This is Hollywood of course, and we have yet to have ourselves a zombie apocalypse; however, replace zombie apocalypse with any sort of natural disaster and this movie scene becomes very real. Whether it’s wildfires or hurricanes or earthquakes, large disasters like these can easily dismantle commonly used methods of communication, leaving us to rely on more traditional, basic ways of getting information to people, such as using amplitude modulation. This is why there is such a fight to keep AM radio.
The Trouble With EVs
It’s no wonder why electric vehicles are becoming so popular. They are powered only by electricity and can drive for over 200 miles on a single charge. With the absence of gas and oil, these driving machines provide a completely new driving experience. There is no loud engine. No dirty oil changes, and no mysterious puddles to be found underneath the engine. Driving an EV definitely has its perks. Here are a few pros and cons:
● The cost of electricity is less expensive than gas—especially these days!
● The instant power provides quick response time on all levels of the car’s capabilities.
● Can be charged from home or anywhere else where the car can be plugged in.
● Since they have fewer parts than a non EV, the cost to maintain them is significantly less.
● Zero emissions are produced while driving.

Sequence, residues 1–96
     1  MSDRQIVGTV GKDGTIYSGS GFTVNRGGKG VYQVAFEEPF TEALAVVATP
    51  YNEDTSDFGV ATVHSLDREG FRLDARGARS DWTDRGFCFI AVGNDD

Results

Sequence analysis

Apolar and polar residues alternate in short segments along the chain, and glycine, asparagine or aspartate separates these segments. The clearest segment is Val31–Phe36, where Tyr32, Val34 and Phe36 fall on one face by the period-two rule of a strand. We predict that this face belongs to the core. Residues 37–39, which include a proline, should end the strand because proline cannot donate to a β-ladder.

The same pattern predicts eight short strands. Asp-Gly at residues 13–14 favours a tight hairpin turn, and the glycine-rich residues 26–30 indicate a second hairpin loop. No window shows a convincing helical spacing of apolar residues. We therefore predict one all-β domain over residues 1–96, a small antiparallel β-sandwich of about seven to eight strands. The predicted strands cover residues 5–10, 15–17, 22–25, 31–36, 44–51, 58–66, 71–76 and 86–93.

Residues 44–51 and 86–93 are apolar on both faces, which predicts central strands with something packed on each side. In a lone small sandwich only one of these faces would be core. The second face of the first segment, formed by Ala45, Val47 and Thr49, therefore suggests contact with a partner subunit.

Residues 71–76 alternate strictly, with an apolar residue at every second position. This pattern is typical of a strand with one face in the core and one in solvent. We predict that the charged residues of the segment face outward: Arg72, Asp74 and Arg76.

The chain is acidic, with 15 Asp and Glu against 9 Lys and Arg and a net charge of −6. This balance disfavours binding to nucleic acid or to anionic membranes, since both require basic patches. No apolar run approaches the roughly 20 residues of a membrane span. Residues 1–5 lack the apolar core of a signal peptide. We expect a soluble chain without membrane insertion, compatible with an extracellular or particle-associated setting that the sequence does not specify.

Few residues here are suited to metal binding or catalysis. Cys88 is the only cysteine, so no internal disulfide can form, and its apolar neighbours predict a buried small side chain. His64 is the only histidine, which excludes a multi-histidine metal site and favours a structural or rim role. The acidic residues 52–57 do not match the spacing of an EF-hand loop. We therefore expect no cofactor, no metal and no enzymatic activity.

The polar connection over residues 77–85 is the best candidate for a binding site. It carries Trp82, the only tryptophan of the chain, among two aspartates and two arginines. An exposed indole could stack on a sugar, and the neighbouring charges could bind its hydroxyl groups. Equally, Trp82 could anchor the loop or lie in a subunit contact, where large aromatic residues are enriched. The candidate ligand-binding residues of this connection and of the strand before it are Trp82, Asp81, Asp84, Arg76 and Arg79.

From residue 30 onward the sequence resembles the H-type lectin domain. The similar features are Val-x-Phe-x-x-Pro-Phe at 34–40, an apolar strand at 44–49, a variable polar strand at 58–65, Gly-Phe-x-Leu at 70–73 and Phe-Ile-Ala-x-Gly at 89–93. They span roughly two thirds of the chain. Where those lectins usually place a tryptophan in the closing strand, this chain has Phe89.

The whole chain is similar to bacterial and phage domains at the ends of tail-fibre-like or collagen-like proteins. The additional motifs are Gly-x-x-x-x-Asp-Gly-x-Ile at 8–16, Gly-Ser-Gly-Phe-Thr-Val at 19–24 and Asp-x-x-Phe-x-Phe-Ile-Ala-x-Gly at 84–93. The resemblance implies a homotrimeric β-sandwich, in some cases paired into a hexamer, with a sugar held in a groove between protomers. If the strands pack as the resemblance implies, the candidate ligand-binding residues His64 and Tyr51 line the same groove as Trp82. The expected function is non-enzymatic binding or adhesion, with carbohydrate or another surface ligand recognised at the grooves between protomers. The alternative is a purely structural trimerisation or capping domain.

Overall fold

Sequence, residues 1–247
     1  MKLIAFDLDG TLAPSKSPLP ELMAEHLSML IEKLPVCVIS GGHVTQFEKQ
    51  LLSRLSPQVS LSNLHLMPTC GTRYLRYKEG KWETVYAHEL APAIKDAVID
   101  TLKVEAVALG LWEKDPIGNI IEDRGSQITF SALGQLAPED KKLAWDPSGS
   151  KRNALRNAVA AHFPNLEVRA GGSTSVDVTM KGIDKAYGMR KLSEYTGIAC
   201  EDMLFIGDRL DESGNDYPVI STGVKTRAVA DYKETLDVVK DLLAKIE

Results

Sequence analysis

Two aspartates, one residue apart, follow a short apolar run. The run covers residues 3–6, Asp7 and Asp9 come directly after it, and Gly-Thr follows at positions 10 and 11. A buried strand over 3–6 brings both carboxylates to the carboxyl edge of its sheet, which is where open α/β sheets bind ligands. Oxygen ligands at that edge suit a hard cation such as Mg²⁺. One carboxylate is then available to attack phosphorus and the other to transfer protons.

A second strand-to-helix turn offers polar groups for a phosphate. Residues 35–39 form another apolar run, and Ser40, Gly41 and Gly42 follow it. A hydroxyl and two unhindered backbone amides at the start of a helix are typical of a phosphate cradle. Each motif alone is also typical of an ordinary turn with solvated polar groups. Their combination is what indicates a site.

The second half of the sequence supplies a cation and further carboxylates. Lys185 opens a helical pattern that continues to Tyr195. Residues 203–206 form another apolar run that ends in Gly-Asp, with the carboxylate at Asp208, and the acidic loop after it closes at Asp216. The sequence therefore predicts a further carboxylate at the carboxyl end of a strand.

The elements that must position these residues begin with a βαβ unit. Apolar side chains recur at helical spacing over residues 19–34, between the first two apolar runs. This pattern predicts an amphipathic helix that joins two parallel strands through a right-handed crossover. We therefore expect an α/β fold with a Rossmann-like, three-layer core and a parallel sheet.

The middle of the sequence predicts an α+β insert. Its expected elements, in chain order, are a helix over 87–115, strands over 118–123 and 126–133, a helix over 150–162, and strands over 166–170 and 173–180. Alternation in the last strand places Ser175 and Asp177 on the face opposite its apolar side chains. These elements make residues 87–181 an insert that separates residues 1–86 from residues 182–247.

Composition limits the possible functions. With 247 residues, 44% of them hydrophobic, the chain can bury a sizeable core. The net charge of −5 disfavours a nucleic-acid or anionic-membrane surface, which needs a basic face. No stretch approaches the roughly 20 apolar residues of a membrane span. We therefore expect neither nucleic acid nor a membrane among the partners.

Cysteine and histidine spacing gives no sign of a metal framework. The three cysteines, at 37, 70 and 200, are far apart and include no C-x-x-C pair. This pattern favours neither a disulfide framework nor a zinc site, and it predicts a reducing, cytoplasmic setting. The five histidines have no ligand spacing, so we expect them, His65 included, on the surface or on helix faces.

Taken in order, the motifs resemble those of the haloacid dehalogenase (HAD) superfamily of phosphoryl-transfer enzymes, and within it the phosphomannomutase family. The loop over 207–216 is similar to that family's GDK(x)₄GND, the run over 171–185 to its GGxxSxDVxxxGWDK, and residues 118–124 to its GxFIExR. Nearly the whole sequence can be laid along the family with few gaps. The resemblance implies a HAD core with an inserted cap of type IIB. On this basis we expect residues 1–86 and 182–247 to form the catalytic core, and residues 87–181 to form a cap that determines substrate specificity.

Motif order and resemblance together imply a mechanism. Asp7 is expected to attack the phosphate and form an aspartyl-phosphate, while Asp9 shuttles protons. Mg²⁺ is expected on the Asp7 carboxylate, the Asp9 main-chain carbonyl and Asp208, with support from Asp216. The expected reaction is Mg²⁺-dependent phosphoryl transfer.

● Ultra smooth and quiet ride.
● Can cost as much as $10,000 more than a non EV.
● Long trips have to be planned around charging stations.
● Can be difficult to charge for those who live in compact, public areas without off-street or garage parking.
● Charging the vehicle can take up to an hour.
● Extreme temperatures reduce driving range.
● It’s unclear the cost of a new battery for EVs (rarely happens, but is possible).
There is one more con against electric vehicles. Since EVs use the same wavelength as AM radio, a loud hum and/or buzzing sound occurs while driving. Here is what Ashruf El-Dinary, a senior vice president of digital platforms at Xperi had to say about this controversy:
“The current system is the vehicle, a lot of them are pulse-width modulated, so it has some high current going through which creates inductance, which can transfer back into the antenna system.” This transfer is what causes the unwanted hum/whine/buzzing noise and is the reason automakers want to get rid of AM radio completely.
So what should be done? Do we throw caution to the wind and kill AM (despite a possible, future zombie apocalypse)? Or do we try and ignore the whining hum sound? (Maybe we will learn to live with it?) The truth is, there is simply not enough information out there for an educated decision to be made. Surely there can be a way to keep AM and rid EVs of the interference, but unfortunately, we are not there yet. Until then, the production of EVs will most likely be stymied.
Not An Easy Fix
In order to figure out how to get AM and EVs to live in harmony (literally), it will take some time and money; two things electric car makers would rather be spending on making more EVs. But, it does not look like AM will be leaving without a fight, and it will be the more forward-thinking car companies that come up with a solution that allows EVs to operate and incorporate AM without disturbance.
Until that time, stay tuned in to the legislation surrounding AM radio in EVs, and keep watch on which direction car companies are deciding to go: are they ignoring the issue and continuing to create their EVs, or are they looking for a way to resolve the controversy?